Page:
Greening the WSSD is the first attempt to reduce the environmental impacts of a major UN Summit on the host city .  In this case, the people of Johannesburg. By working with them, we aim to protect, conserve and improve the city's environment and natural resources........ leaving a legacy for the future.
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Energy Efficiency



Sustainable Energy to the Summit


Attempts are being made to ensure that all renewable energy "Green energy" power plants in South Africa are linked to the national electricity grid, ahead of the WSSD.


The "Greening the WSSD" initiative is collaborating with renewable energy projects and programmes to identify all significant sustainable electricity generators around South Africa. The intention is to work with state power company, Eskom, to ensure that, where possible, these generators are operational at the time of the WSSDand linked to the power grid that will supply theConference. Sustainable energy is power that can be generated continuously without the burning of fossils fuels, it is the utilisation of renewable energy sources.Green electricity costs more for consumers than "ordinary" electricity, and the associated projects and programmes have secured funding to cover this premium. Summit venues that purchase green electricity will be reimbursed in full for the additional cost and the whole exercise will have no effect on the price they pay for power.


If the Greening the WSSD is successful it will have established a precedent for supplying sustainable energy to consumers who wish to purchase it. The financial subsidy will not last forever, but as consumers become used to supporting green energy generation, it will become cheaper.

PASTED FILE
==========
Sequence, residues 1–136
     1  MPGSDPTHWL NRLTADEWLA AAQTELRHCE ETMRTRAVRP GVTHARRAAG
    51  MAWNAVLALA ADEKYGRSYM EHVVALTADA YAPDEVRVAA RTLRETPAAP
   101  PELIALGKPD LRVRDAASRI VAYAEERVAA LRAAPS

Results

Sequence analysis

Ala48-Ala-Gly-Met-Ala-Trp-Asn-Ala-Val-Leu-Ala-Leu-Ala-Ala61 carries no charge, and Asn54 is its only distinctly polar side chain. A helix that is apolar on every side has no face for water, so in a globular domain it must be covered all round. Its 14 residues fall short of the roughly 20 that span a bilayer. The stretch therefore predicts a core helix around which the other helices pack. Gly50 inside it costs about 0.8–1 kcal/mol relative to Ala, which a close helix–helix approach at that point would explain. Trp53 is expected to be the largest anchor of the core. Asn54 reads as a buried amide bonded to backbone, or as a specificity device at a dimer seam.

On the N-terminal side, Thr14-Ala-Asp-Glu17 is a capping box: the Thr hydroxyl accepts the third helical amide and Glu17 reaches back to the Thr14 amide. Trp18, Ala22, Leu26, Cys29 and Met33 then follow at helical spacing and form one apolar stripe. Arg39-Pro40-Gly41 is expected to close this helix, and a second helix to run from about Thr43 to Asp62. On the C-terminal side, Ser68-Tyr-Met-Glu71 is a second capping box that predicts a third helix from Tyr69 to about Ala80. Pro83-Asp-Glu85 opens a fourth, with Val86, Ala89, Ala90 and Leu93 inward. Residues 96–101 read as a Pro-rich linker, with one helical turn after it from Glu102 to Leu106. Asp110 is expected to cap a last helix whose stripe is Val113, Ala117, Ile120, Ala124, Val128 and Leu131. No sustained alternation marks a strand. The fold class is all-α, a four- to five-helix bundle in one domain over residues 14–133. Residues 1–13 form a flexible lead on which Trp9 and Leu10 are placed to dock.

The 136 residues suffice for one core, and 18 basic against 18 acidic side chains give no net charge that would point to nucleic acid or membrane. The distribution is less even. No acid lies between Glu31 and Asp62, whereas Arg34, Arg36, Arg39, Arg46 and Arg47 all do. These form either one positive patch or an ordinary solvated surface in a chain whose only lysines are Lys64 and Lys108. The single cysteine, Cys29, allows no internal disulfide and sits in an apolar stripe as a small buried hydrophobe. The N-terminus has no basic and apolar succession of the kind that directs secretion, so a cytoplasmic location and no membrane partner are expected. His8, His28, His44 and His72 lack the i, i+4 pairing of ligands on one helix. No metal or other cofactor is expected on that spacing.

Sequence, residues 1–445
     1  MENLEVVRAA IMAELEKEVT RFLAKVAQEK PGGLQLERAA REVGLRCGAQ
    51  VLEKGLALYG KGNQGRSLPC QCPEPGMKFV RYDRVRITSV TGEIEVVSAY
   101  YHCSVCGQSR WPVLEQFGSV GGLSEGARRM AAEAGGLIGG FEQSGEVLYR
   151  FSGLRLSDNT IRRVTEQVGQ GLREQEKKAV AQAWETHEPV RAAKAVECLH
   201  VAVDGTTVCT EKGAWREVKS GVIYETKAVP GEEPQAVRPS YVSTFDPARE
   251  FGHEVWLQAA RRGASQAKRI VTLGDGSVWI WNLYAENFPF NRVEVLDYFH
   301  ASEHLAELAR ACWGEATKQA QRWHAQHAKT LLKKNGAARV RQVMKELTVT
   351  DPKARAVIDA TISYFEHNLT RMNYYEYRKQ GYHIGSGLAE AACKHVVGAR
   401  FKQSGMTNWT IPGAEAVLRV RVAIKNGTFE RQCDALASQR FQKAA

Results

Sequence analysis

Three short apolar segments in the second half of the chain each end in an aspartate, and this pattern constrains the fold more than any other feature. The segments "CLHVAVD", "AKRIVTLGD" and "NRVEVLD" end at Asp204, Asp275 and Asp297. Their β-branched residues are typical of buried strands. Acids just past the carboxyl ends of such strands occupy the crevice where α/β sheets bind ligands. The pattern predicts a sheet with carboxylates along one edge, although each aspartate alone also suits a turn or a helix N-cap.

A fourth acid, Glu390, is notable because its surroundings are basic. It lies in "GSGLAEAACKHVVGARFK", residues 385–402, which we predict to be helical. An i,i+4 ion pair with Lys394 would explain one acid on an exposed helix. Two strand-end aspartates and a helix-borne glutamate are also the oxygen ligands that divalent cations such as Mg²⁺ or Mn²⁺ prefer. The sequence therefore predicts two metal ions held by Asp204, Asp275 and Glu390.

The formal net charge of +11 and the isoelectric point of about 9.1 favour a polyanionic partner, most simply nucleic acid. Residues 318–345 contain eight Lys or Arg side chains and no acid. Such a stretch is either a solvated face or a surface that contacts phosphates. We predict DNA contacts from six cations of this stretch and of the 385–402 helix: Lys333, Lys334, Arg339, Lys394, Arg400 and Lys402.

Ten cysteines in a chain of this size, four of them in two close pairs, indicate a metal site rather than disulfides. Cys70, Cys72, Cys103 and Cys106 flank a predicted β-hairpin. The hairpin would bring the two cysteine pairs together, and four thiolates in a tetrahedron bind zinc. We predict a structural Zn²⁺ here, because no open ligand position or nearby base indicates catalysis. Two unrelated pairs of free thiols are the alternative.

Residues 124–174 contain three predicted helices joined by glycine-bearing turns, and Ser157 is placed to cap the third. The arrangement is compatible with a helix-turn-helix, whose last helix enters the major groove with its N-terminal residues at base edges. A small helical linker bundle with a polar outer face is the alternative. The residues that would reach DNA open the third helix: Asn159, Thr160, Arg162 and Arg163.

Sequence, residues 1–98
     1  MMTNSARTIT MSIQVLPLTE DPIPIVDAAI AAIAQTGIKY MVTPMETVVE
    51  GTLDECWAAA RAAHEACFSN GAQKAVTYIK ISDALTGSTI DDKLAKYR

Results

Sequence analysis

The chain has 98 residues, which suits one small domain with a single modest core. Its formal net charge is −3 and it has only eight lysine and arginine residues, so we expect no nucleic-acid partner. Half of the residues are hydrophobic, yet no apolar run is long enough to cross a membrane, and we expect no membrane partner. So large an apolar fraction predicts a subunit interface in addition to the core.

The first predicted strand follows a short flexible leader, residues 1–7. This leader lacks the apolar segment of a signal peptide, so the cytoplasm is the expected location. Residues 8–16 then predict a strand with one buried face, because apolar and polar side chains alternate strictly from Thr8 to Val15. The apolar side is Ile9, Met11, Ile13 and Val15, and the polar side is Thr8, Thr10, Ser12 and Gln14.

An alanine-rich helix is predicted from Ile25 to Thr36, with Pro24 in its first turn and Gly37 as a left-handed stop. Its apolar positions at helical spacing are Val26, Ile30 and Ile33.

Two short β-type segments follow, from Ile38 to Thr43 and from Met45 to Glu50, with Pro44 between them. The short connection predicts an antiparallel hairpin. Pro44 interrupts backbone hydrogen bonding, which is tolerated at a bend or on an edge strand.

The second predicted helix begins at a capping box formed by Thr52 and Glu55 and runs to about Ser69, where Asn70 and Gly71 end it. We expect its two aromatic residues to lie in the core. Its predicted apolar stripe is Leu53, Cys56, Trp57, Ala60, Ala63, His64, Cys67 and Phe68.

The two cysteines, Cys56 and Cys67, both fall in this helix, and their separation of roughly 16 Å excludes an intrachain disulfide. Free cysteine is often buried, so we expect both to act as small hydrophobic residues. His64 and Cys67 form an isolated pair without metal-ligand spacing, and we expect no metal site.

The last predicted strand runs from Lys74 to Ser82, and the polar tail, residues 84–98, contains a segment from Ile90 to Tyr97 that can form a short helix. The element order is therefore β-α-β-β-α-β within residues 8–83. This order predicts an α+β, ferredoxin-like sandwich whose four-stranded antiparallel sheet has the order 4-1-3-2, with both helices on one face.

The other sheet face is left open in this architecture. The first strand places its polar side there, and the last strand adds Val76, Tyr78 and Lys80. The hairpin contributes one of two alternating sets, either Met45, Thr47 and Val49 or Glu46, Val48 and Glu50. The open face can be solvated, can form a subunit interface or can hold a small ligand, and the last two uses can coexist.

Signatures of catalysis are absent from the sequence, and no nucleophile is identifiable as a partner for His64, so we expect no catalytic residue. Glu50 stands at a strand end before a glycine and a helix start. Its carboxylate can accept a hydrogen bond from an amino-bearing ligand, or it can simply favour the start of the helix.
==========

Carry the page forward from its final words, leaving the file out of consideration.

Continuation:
While South Africa produces some of the cheapest energy in the world, it is generated by power stations fired by coal - when coal, a fossil fuel, is burned it emits large amounts of carbon, in various compound together with sulfur compounds into the atmosphere which contribute to acid rain and green house gasses. SA is one of the biggest producers of carbon emissions in the developing world.
Less than one percent of the country's electricity is currently generated from renewable energy resources - these include a couple of small hydroelectric power stations, several small solar systems and some bio-fuel plants. Wind-power plants, near the towns of Darling and Klipheuwel, are expected to join the national grid shortly.


The demand for electricity in Southern Africa will continue to increase in the future. A significant proportion of this demand should be supplied from sustainable energy sources -- that can replace coal and nuclear plants, as they become out-dated.


Some European countries have set the target of having 25 percent of their national electricity production shifted to sustainable sources within five years.

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